1. A successful shoplifting operation. 2. A successful pick-pocketing operation. 3. Any successful theft of articles near to hand; (loosely) an automobile theft. 4. The act of kneeing a person in the buttocks.

- american underworld dictionary - 1950
Boost is also the term used for the increase in intake manifold pressure provided by an operating turbocharger or supercharger over ambient pressure (or original intake pressure). It is expressed in P.S.I., for Pounds per Square Inch.

This higher pressure allows the engine to force more air into the cylinders. Of course, this means that more fuel is forced in as well in order to maintain rough stoichiometry.

Boost - a highly nutritious lactose and gluten free meal replacement drink. Available in a variety of colours and flavours:

Other brands offer similar drinks - Ensure, Slim Fast - but none possess quite the same slightly alkaline, slightly bland taste.

Boost is also a C++ utility library with templates. It's a free library that is available for use by everyone and provides an extremely powerful set of classes and functions in the following categories:

The library includes a lightweight and powerful smart pointer template class that can be used to create a reference counted object out of any pointer type.

At the risk of doing a a copy from the website, here's a breif overview of the classes that are available:

  • any - Safe, generic container for single values of different value types, from Kevlin Henney.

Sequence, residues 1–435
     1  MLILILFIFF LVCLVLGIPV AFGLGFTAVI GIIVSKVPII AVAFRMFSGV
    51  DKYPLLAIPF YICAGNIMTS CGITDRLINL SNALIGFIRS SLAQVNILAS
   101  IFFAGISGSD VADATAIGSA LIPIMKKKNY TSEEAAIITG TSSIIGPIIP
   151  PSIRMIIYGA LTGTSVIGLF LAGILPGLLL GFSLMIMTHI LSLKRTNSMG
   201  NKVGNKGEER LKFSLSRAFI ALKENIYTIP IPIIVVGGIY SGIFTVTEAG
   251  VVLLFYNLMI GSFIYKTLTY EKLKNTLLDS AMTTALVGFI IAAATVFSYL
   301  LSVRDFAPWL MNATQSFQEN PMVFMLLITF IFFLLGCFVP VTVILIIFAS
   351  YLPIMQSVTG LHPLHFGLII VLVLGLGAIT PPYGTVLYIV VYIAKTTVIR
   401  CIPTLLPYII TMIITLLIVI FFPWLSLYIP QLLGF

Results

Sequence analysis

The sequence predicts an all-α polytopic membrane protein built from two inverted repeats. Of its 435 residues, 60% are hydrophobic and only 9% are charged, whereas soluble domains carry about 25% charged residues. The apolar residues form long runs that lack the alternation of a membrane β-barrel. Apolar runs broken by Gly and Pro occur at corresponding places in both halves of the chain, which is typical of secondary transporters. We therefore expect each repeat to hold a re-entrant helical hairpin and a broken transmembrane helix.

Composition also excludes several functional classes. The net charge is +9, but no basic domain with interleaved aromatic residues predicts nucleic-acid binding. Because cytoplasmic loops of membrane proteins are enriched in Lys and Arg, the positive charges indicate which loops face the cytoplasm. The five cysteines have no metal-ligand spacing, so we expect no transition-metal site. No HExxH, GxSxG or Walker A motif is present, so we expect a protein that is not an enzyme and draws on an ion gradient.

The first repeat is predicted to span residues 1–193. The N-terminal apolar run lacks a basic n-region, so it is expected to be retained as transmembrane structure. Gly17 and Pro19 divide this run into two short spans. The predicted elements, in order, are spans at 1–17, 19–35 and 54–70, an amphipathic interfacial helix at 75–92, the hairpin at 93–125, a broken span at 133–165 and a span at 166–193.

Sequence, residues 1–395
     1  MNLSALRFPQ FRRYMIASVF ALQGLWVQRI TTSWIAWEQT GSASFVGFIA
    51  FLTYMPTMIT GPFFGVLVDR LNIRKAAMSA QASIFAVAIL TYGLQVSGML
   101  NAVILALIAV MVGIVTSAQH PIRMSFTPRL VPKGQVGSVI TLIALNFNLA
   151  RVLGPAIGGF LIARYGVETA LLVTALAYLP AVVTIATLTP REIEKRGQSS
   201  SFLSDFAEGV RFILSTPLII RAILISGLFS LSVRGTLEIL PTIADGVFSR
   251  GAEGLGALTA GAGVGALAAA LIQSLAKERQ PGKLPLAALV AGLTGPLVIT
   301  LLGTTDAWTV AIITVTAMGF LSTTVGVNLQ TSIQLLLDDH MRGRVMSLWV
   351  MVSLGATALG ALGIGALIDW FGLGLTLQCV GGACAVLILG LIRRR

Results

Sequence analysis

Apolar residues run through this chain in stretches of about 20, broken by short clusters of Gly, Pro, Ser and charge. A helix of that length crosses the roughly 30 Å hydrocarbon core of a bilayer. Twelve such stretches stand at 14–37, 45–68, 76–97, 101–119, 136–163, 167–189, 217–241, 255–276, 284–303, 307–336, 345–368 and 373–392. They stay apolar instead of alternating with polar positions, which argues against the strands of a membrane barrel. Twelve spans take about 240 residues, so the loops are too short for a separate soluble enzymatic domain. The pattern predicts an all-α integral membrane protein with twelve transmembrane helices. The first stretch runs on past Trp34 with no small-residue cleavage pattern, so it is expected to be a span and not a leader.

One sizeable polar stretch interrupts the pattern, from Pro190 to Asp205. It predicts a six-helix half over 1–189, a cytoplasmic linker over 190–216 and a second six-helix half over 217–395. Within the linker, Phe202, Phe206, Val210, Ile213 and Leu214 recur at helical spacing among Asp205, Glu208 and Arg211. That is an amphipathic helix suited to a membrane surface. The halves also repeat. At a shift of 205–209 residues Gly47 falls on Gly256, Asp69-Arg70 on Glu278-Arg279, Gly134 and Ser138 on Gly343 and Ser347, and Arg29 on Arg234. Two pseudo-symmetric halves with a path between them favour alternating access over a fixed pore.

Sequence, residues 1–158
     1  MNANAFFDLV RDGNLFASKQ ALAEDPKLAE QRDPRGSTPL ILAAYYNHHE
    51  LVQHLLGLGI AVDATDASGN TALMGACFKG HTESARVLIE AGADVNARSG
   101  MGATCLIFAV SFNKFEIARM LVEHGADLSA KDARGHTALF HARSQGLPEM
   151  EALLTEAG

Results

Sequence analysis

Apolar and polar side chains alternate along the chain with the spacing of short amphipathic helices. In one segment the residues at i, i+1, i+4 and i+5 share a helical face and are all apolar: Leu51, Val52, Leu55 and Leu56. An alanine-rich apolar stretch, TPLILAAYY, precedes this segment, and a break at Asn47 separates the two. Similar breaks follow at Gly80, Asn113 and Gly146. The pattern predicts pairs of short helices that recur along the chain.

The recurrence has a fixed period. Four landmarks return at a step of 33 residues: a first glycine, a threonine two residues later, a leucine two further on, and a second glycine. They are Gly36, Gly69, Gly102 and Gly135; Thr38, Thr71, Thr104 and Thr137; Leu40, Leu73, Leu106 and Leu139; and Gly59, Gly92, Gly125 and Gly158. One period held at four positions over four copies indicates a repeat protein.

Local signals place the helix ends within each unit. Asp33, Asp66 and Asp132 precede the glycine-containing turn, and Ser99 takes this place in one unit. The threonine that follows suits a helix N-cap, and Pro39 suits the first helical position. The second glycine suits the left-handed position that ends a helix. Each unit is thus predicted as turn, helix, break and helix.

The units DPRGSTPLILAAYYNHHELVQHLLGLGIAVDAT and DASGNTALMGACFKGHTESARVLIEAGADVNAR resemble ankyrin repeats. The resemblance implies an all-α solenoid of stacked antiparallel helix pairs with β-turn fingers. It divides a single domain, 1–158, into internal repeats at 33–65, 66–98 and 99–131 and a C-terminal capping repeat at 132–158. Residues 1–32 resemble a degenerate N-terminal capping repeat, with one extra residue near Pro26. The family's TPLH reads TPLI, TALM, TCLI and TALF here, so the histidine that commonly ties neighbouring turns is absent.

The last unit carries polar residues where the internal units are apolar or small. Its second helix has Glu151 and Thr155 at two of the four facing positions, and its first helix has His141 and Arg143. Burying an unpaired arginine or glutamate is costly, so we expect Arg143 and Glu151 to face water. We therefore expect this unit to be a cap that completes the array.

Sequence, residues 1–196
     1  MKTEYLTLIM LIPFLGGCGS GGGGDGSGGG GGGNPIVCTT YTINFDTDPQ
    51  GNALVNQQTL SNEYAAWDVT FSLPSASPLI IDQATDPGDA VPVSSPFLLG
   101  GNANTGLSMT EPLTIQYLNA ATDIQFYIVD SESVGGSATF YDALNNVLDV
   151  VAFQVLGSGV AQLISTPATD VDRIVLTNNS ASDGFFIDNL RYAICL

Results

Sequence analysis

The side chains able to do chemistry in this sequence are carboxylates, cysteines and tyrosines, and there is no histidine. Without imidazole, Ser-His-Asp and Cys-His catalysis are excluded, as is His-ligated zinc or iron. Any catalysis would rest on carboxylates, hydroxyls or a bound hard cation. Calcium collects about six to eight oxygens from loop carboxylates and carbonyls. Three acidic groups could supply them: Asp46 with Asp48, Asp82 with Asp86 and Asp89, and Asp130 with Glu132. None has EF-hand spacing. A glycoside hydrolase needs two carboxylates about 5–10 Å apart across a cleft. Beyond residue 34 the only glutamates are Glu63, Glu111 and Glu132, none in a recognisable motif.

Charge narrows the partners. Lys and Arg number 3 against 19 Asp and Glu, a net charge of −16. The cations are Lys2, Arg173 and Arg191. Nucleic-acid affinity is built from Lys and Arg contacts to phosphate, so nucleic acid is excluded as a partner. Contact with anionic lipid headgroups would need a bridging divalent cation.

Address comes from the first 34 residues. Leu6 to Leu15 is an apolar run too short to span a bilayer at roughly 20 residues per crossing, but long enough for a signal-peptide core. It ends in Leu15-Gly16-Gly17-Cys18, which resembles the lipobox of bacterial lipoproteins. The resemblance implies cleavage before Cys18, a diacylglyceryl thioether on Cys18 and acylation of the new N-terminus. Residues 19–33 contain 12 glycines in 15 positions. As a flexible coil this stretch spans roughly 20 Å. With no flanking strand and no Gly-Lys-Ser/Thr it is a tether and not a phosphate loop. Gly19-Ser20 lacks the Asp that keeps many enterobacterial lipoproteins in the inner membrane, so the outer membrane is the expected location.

• array - STL compliant container wrapper for arrays of constant size, from Nicolai Josuttis.
  • bind and mem_fn - Generalized binders for function/object/pointers and member functions, from Peter Dimov.
  • call_traits - Defines types for passing parameters, from John Maddock, Howard Hinnant, et al.
  • compatibility - Help for non-conforming standard libraries, from Ralf Grosse-Kunstleve and Jens Maurer.
  • compose - Functional composition adapters for the STL, from Nicolai Josuttis.
  • compressed_pair - Empty member optimization, from John Maddock, Howard Hinnant, et al.
  • concept check - Tools for generic programming, from Jeremy Siek.
  • config - Helps boost library developers adapt to compiler idiosyncrasies; not intended for library users.
  • conversion - Numeric, polymorphic, and lexical casts, from Dave Abrahams and Kevlin Henney.
  • crc - Cyclic Redundancy Code, from Daryle Walker.
  • date_time - Date-Time library from Jeff Garland.
  • dynamic_bitset - A runtime sized version of std::bitset from Jeremy Siek and Chuck Allison.
  • format - Type-safe 'printf-like' format operations, from Samuel Krempp.
  • function - Function object wrappers for deferred calls or callbacks, from Doug Gregor.
  • functional - Enhanced function object adaptors, from Mark Rodgers.
  • graph - Generic graph components and algorithms, from Jeremy Siek and a University of Notre Dame team.
  • integer - Headers to ease dealing with integral types.
  • io state savers - Save I/O state to prevent jumbled data, from Daryle Walker.
  • iterator adaptors - Adapt a base type into a standard conforming iterator, and more, from Dave Abrahams, Jeremy Siek, and John Potter.
  • lambda - Define small unnamed function objects at the actual call site, and more, from Jaakko Järvi and Gary Powell.
  • math - Several contributions in the domain of mathematics, from various authors.